Take a look at GB. When they won the SB, in 2011, Rodgers was still very reasonably priced. That team had 15 guys go on season ending IR, yet still have the depth to have the 2nd best scoring defense in the league. Fast forward to 2 Sunday’s ago. Playing with a defense that was ill equipped to stop anyone, GB was still just a FG short in their playoff game v SF. When SF has to pay Kaepernick top tier QB money (which will be a big mistake..he’s a cog in a machine, not a guy who can win, consistently, bearing the brunt of the responsibility..just my opinion), they won’t be able to afford both Bowman and Willis. They won’t be able to afford all that DLine and OLine talent. Aaron Rodgers takes a beating, because GB can’t afford to pay top level guys on his line. So even GB, which never signs FA and builds from within (which is more cost effective) can’t consistently draft enough low cost talent, to offset the cost of the QB position. Look at Baltimore this year. Have to pay Flacco big money, lose Bolden, lose Kruger, lose playoffs.

    If Geno plays Tannehill-level football next year, and the NYJ get some more receiving weapons and spend to add a S and/or edge rusher, they’ll be in great shape to make a run with a ‘balanced’ team. The balance comes in cost structure.

  • Drew

    Lidman, you actually posted exactly the point I was going to try and make. I 100% agree with you.

    As important as it is to have an ‘elite’ QB, it is just as important not to overpay him. Look what happened when the Ravens payed Flacco, the Cowboys paid Romo, the Gmen paid Eli, and when the Jets paid Sanchez. It can be seen all over the league. Overpaying a QB can cripple a franchise.

    Tom Brady, as much as I hate him, only has a cap hit of $10 million a year! This allows that Pats to pay for a supporting cast. They pay to keep their talent (Wilfork, Solder, Gronk) and they pay to have depth.

    Peyton has always taken a huge portion of his teams cap space, which balances the playing field for everyone else. Luckily he is that good where he can still take his team this far.

    With the new CBA I expect the teams that ‘hit’ in the draft on a starting QB to have a small window of time win a Superbowl. Once they overpay that player, the window is closed. (If they are Peyton Manning good, they are the exception).

    Once Sanchez is off the books, the Jets are in such a good spot with Geno because we can pay for players to put around him (as long as we don’t overpay like we have in the past).

    Solid drafting now more important than ever because it provides talent at a low cost.

  • Lidman


    The point you make in your 2nd paragraph is easier said, than done. GMs/HC have a very short shelf life. So, in the Flacco example you make, while he isn’t worth the $/cap space Baltimore allocated to him, the demand/supply imbalance, at the QB position, forces GMs to pay these guys. Will be interesting to see the first GM to allow a ‘franchise level QB’ to leave, via FA, without having a real replacement. How long will that owner be patient?

    The new CBA certainly allows for teams to take some more risk/reward with 1st round picks, because it won’t ‘Jamarcus Russell’ you if you make a mistake on a QB.

  • David

    I think with any team, a little luck is involved too and the draft helps you out. For example, think about the two teams in the NFC Championship game: Their Franchise QB’s make a combined what, 1.8 million if that? The Seahawks have a “shut down” CB in Richard Sherman that they are lucky to be paying $700,000. That is where things go well and that is where the Jets have messed things up a bit over the years.

  • Lidman


    It’s a slow day at work, so I have time to argue/question. No doubt when you find an All-Pro or even Pro Bowl caliber player outside of round 1, it clearly affords you greater latitude in managing cap space.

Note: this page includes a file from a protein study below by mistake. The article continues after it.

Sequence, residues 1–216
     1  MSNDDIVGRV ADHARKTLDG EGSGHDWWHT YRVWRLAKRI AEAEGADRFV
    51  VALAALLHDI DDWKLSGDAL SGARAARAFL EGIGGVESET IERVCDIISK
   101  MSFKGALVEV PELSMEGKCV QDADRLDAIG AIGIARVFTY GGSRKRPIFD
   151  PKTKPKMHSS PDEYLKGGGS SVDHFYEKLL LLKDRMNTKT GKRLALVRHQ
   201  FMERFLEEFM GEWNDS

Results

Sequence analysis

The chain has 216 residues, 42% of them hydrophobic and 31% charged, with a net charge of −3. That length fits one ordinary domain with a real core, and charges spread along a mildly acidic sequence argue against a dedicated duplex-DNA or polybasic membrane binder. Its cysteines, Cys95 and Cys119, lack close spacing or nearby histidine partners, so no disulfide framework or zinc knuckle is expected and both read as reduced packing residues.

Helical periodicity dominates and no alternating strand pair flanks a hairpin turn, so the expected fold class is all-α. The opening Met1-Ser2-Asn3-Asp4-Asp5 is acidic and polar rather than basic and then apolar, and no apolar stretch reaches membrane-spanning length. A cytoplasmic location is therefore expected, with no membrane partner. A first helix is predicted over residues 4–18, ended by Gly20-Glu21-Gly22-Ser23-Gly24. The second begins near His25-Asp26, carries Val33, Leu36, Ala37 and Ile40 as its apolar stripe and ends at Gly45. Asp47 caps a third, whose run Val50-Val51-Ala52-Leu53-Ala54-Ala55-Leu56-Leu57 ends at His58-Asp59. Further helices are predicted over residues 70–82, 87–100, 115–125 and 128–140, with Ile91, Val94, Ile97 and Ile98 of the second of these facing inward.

However, that’s not a strategy you can bank on, is it? These teams spend countless hours evaluating players. Taking out K and P, of the 25 1st team All-Pro this year, 12 were 1st rounders, 4 were 2nd rounders, 4 were 3rd rounders, 2 were 5th rounders and 2 were UFA. The large majority of the league’s best players are drafted high, the numbers tell us that.

    Sherman was a 5th rounder because he started, at Stanford, as a blue chip WR and requested to move to CB. Yes, the NYJ missed on him, but so did Seattle, in the 1st 4 rounds, as well as every other team.

    Finally, while they didn’t win a SB, the NYJ did give their fans exciting seasons in Rex’ first 2yrs. When you don’t win it big, it’s easy to criticize the cap killing moves made. However, I think you also need to ask, ‘if they didn’t take those roster risks would they have made 2 straight AFC Championship games?’

    If Seattle doesn’t win this year, they are likely going to have to reconstruct their roster. Earl Thomas and Sherman are likely going to have to be dealt with before the ’14 season. Combined they account for just under 6mm of cap space. After next year, Wilson and Bobby Wagner are up and they’re accounting for just under 2mm. Combined, the 4 of them are likely to command numbers that take up in the range of 35-40mm (and I think that is low). So, if they don’t get lucky, in the draft, the next couple of years, they could find themselves in a similar position the NYJ did in ’11. Lynch isn’t getting any younger. They don’t really have anyone you can say is a dominant threat, on the outside. Wilson, as solid as he’s been, hasn’t been able to carry the offense, on his own. Sure, he may be better than Sanchez, but it’s not as though he’s shown enough for us to believe he’ll reach the level of a Brees or Rodgers either.

    As for our NYJ, Harrison and Howard are both UFAs, who are producing more like 2nd/3rd rounders. Now Howard, will need to be paid something, but it’s not going to be commensurate with top RT and Harrison will be a value for at least another 2yrs. As I said above, if Geno can just progress to be Wilson, and they can add some WR/TE talent, and bring in a S or OLB, they could be in Seattle’s position sooner than we think.

  • Eddie

    Love this line, “No, not DeCaprio’s throw-away supermodels, but possession and slot receivers.” Aside from the laughs, I think there is an important point that might apply to the Jets even if they pursue the “balance” blue print over the “elite passer” model. The Jets have to find more offensive weapons, obviously, but also might want to tailor their signings to Geno’s style if they are going to commit to him for the future. Kerley’s athleticism might be a start, but we’ll need a lot more.